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Changes in and the mediating role of physical activity in relation to active school transport, fitness and adiposity among Spanish youth: the UP&DOWN longitudinal study



Longitudinal changes in child and adolescent active school transport (AST), and the mediating role of different intensities of daily physical activity (PA) levels in relation to AST and physical fitness and adiposity indicators is unclear. This study aimed to: 1) describe longitudinal changes in AST, light PA (LPA), moderate- to vigorous-intensity PA (MVPA), physical fitness and adiposity indicators over three time-points; and 2) investigate the mediating role of LPA and MVPA levels on associations between AST and physical fitness and adiposity indicators over three time-points among children and adolescents.


This longitudinal study comprised 1646 Spanish children and adolescents (48.8% girls, mean age 12.5 years ±2.5) at baseline, recruited from schools in Cádiz and Madrid. Mode of commuting to school was self-reported at baseline (T0, 2011–12), 1-year (T1) and 2-year follow-up (T2). PA was assessed using accelerometers. Handgrip strength, standing long jump and cardiorespiratory fitness (CRF) assessed physical fitness. Height, weight, body mass index, waist circumference, and triceps and subscapular skinfold thickness were measured. Multilevel linear regression analyses assessed changes in AST, PA levels, physical fitness and adiposity indicators over three time-points (T0-T1-T2). Additionally, longitudinal path analysis (n = 453; mean age [years] 12.6 ± 2.4) was used to test the mediating effects of LPA and MVPA levels on the association between AST and physical fitness and adiposity indicators.


Multilevel analyses observed decreases in LPA between T0-T1 (β = − 11.27; p < 0.001) and T0-T2 (β = − 16.27; p < 0.001) and decreases in MVPA between T0-T2 (β = − 4.51; p = 0.011). Moreover, changes over time showed increases in handgrip between T0-T1 (β = 0.78; p = 0.028) and T0-T2 (β = 0.81; p = 0.046).

Path analyses showed that AST was directly positively associated with MVPA at T1 (all, β ≈ 0.33; p < 0.001). MVPA at T1 mediated associations between AST and CRF at T2 (β = 0.20; p = 0.040), but not the other outcomes. LPA did not mediate any associations.


Results from longitudinal path analysis suggest that participation in more AST may help attenuate declines in MVPA that typically occur with age and improve CRF. Therefore, we encourage health authorities to promote AST, as a way to increase MVPA levels and CRF among youth.


The lack of physical activity (PA) is a global public health problem, responsible for more than five million deaths annually through its effects on multiple non-communicable diseases across the population [1,2,3]. In response to this, international health authorities [4,5,6,7] have adopted policy strategies to incorporate PA into everyday life to reduce the growing global burden of chronic diseases [8]. Despite international recommendations for children and adolescents to accumulate at least 60 min of moderate- to vigorous-intensity physical activity (MVPA) daily [9], however, more than half of children and adolescents worldwide do not meet these guidelines [10, 11].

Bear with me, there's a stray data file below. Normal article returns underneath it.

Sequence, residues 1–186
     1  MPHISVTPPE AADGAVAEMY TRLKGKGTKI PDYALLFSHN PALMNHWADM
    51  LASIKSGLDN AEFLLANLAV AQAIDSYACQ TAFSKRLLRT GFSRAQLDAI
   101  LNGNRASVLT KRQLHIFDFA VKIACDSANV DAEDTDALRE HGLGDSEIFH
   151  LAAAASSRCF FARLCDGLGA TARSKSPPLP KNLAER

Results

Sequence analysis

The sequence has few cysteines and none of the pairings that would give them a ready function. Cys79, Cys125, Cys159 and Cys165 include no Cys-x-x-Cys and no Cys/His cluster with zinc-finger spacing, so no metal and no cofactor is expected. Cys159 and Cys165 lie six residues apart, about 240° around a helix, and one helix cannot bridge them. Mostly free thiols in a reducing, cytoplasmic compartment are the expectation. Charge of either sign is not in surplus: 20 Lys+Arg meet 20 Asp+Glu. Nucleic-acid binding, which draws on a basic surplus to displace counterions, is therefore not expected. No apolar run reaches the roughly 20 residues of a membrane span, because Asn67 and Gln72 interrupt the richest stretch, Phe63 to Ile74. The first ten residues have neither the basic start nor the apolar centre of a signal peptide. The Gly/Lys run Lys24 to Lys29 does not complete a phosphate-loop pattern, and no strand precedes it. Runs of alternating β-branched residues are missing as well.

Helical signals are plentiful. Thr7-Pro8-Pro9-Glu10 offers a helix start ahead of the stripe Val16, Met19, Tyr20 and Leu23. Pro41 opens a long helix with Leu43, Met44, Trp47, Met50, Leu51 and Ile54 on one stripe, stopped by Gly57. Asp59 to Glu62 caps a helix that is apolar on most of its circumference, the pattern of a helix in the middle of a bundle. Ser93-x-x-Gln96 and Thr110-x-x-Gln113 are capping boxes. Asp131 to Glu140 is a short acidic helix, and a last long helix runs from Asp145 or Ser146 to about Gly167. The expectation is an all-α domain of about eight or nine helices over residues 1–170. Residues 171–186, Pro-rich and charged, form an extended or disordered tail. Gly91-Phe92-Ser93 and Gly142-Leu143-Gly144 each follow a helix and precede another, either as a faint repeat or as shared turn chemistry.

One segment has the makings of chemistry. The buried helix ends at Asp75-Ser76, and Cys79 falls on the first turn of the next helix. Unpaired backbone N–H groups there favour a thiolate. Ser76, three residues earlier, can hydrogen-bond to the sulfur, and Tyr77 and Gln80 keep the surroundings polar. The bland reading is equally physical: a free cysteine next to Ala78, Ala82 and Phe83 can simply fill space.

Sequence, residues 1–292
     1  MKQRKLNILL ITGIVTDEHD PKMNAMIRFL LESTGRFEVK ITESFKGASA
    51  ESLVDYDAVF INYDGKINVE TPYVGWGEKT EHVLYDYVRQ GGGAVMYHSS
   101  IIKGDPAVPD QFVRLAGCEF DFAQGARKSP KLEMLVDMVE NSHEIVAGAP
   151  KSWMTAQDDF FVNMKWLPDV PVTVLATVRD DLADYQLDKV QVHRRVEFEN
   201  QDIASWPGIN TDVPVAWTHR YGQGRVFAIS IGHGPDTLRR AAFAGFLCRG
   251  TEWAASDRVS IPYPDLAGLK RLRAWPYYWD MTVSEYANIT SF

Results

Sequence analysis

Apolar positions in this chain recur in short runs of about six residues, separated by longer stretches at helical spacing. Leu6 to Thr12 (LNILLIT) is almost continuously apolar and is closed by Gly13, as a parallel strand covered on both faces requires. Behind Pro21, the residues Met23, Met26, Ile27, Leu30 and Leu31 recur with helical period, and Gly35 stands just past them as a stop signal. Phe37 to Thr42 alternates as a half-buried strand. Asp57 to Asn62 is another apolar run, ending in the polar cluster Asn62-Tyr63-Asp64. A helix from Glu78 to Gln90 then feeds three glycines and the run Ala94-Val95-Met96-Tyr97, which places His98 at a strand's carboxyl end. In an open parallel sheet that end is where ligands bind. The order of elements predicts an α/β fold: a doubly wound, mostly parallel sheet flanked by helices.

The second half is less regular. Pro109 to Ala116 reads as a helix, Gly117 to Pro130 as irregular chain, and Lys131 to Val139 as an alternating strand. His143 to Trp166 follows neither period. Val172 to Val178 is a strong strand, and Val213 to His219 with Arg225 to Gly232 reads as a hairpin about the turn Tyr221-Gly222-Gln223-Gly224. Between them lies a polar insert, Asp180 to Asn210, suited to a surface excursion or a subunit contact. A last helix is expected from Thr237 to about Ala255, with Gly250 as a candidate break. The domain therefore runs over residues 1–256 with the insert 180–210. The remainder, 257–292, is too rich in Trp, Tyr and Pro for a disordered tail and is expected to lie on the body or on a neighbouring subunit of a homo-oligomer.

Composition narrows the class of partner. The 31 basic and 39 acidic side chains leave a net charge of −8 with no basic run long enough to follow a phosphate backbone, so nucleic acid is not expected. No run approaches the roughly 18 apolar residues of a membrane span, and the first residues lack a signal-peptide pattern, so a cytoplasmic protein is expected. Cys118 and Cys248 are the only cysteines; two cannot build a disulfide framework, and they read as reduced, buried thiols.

Active transport, mainly walking and cycling, has been recommended as a consistent and practical way to integrate more PA into daily life [12]. In addition, active transport, principally cycling, has been associated with a lower risk of cardiovascular disease (CVD), cancer, and all-cause mortality in adults [13,14,15]. Active school transport (AST) provides an important opportunity for children and adolescents to increase daily PA levels [16,17,18]. Moreover, there is consistent cross-sectional and longitudinal evidence that AST is associated with greater cardiorespiratory fitness (CRF), mainly when AST is by bicycle [19,20,21] and muscle strength of the lower body is involved [21,22,23]. AST may also have considerable potential to reduce obesity in young populations [24]. However, there is substantial scientific uncertainty concerning the nature and strength of associations between different modes of travel, such as AST, and adiposity [20, 25]. Longitudinal studies with more than two time-points that have examined associations between AST and PA levels, physical fitness and adiposity indicators are scarce [8, 19]. Light PA (LPA) is a recent target in 24 h movement guidelines. Literature shows the potential benefits of LPA for CRF and adiposity indicators [26] and the increasing interest to reallocate sedentary time, which is detrimental for health, to LPA time, once adequate time in sleep and MVPA have been performed [27]. However, few studies have reported on LPA changes over time or the role of this intensity in relation to key PA behaviors such as AST [26, 28]. This provides a timely opportunity to explore PA beyond MVPA.

Consequently, the aims of this study were: 1) to describe longitudinal changes in AST, LPA, MVPA, physical fitness and adiposity indicators over three time-points; and 2) to investigate the mediating role of LPA and MVPA levels on associations between AST and physical fitness and adiposity indicators over three time-points among children and adolescents.


Participants and study design